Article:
Robert Yeoman is an award-winning cinematographer, who has been working in Hollywood since the early 1980s.
He has worked on more than 40 films in various capacities and is famous for shooting nearly every one of Wes Anderson’s films.
Robert Yeoman Cinematography
Who Is Cinematographer robert yeoman?
Robert Yeoman is an American cinematographer who is best known for his work with filmmakers Wes Anderson and Paul Feig.
Yeoman’s first feature film, Bottle Rocket, was directed by Wes Anderson in 1996.
Since then, he has worked on nearly every feature-length project directed by Anderson including Rushmore (1998), The Royal Tenenbaums (2001), The Life Aquatic with Steve Zissou (2004), The Darjeeling Limited (2007), Moonrise Kingdom (2012), and The Grand Budapest Hotel (2014), among others.
He is a member of the American Society of Cinematographers (ASC) and the Academy of Motion Picture Arts and Sciences (AMPAS).
Who Is Robert Yeoman?
While he’s been working with Anderson for many years, the two met in 1986 while they were both students at the University of Texas. Yeoman has a degree in radio-TV-film and was shooting Super 8mm film shorts at the time.
One day, Anderson called him up at 2:30 pm to see if he wanted to shoot a short that evening. Yeoman agreed, and they shot the movie “Bottle Rocket”, with Anderson playing a barber and Owen Wilson playing a customer who asks him to cut his hair. The short was later expanded into their first feature film of the same name.
Yeoman has been working with Anderson ever since, shooting all of his movies, including “Rushmore”, “The Royal Tenenbaums”, and “The Life Aquatic with Steve Zissou”.
What Is Robert Yeoman Known For?
Robert Yeoman has worked with some of the biggest names in Hollywood for more than three decades. His impressive resume includes credits on “The Big Lebowski”, and “Fargo”.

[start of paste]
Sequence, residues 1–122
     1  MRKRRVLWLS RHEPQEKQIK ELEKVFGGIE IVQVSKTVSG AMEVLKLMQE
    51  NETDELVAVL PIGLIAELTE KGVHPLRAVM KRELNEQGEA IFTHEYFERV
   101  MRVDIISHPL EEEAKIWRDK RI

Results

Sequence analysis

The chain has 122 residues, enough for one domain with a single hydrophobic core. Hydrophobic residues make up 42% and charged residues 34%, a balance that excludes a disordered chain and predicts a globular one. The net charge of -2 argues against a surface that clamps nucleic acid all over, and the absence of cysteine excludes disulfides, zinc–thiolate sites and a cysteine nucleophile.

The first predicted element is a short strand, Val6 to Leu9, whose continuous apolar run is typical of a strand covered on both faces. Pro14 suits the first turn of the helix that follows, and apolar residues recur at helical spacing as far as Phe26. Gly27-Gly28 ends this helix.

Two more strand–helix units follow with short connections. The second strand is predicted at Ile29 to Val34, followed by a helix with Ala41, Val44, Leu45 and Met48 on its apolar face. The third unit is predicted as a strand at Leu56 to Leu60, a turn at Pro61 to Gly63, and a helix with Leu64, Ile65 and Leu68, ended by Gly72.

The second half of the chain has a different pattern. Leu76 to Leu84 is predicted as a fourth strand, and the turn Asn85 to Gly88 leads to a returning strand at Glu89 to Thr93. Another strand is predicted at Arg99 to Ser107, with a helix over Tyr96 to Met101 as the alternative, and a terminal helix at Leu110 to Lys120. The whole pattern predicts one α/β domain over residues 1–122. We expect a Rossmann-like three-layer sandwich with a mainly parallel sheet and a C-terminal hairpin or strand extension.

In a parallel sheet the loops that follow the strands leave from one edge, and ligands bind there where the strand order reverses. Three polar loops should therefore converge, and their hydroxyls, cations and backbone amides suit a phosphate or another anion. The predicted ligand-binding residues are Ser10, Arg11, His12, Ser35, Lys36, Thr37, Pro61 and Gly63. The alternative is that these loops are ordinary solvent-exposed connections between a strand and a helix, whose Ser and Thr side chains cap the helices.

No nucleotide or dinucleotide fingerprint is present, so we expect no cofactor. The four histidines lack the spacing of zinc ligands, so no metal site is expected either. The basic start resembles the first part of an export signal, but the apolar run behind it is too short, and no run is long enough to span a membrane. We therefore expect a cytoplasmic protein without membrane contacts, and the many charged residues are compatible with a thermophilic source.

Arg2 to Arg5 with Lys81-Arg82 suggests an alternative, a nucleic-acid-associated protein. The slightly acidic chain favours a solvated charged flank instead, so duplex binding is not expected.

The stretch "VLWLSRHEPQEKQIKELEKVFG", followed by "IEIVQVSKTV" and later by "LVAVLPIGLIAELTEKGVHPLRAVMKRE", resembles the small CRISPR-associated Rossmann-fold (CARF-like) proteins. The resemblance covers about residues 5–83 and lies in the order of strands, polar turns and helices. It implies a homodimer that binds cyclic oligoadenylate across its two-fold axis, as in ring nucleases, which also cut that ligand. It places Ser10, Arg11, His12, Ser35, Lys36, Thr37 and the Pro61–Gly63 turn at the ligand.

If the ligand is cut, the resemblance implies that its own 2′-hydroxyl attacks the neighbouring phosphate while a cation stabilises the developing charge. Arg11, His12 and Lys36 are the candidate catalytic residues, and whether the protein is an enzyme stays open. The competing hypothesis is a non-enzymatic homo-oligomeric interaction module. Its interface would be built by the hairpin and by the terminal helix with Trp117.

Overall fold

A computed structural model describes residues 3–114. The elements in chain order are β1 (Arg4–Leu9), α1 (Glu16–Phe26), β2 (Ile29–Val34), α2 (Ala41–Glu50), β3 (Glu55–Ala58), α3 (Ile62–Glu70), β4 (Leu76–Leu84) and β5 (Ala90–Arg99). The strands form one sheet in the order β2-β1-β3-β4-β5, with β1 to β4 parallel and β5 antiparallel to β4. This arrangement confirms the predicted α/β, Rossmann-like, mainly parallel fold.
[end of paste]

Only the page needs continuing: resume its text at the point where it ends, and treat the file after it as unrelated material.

Sitting down with Collider, Yeoman discussed his early career in the film industry and how he went from being a projectionist to a top-level cinematographer.
He also talked about working on iconic films such as “Fargo”, as well as his interest in shooting movies digitally while working with directors like Wes Anderson and the Coen brothers.
Yeoman has never shot a movie in his native country of Australia (although he’s been tempted to shoot a movie back home). He told Collider that he didn’t want to work on any Australian productions because they wouldn’t have afforded him the opportunity to work alongside such talented filmmakers as Martin Scorsese and David Fincher.
Although Yeoman has shot several TV shows, including “Oz”, “Better Call Saul”, and “The X-Files”, he’s primarily known for his work on feature films. One of those movie credits is “The Big Lebowski”, which is considered by many cinephiles.
Robert Yeoman Keeps His Comedies Light
Robert Yeoman has worked in Hollywood for almost 40 years as a cinematographer and director of photography. This year, he shot the Netflix comedy “Unbreakable Kimmy Schmidt,” which is nominated for three Emmy Awards, including best direction of a comedy series (written by Tina Fey).
The cinematographer talks about his career and his work on the show.
Q: You’ve been in the business for more than four decades. How has it changed?
A: It’s changed because of technology. The cameras are lighter, they’re smaller, they’re quieter. They shoot quicker and it’s easier to edit with them.
Also, I think the quality of the images is better because there’s more light available for shooting. Also, I think directors have more control over what happens to their images now.
Q: What does that mean?
A: The camera operator used to be the person who operated the camera and that person would then hand those images over to whoever else — maybe the cinematographer or maybe a producer — who would decide how to put them together. Now directors are making decisions about how to shoot things themselves, so I think you get a more personal flavor from their work because they’re making choices directly instead of delegating them.